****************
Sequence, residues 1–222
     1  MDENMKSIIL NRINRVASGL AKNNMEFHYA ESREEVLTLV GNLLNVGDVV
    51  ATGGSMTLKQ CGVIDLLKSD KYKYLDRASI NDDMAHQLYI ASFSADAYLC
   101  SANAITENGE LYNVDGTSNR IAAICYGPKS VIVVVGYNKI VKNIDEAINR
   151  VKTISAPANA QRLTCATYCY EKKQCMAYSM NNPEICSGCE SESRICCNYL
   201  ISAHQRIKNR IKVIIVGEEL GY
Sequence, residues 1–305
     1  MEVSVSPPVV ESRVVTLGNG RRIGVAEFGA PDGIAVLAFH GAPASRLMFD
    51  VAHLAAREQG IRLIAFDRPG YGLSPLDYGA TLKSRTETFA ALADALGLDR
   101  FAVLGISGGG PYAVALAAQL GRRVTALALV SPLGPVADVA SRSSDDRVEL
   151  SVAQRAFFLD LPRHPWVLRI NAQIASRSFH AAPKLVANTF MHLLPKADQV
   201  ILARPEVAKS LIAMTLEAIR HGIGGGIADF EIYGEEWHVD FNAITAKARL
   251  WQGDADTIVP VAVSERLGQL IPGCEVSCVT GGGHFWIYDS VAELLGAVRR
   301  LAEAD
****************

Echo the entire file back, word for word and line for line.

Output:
Sequence, residues 1–222
     1  MDENMKSIIL NRINRVASGL AKNNMEFHYA ESREEVLTLV GNLLNVGDVV
    51  ATGGSMTLKQ CGVIDLLKSD KYKYLDRASI NDDMAHQLYI ASFSADAYLC
   101  SANAITENGE LYNVDGTSNR IAAICYGPKS VIVVVGYNKI VKNIDEAINR
   151  VKTISAPANA QRLTCATYCY EKKQCMAYSM NNPEICSGCE SESRICCNYL
   201  ISAHQRIKNR IKVIIVGEEL GY
Sequence, residues 1–305
     1  MEVSVSPPVV ESRVVTLGNG RRIGVAEFGA PDGIAVLAFH GAPASRLMFD
    51  VAHLAAREQG IRLIAFDRPG YGLSPLDYGA TLKSRTETFA ALADALGLDR
   101  FAVLGISGGG PYAVALAAQL GRRVTALALV SPLGPVADVA SRSSDDRVEL
   151  SVAQRAFFLD LPRHPWVLRI NAQIASRSFH AAPKLVANTF MHLLPKADQV
   201  ILARPEVAKS LIAMTLEAIR HGIGGGIADF EIYGEEWHVD FNAITAKARL
   251  WQGDADTIVP VAVSERLGQL IPGCEVSCVT GGGHFWIYDS VAELLGAVRR
   301  LAEAD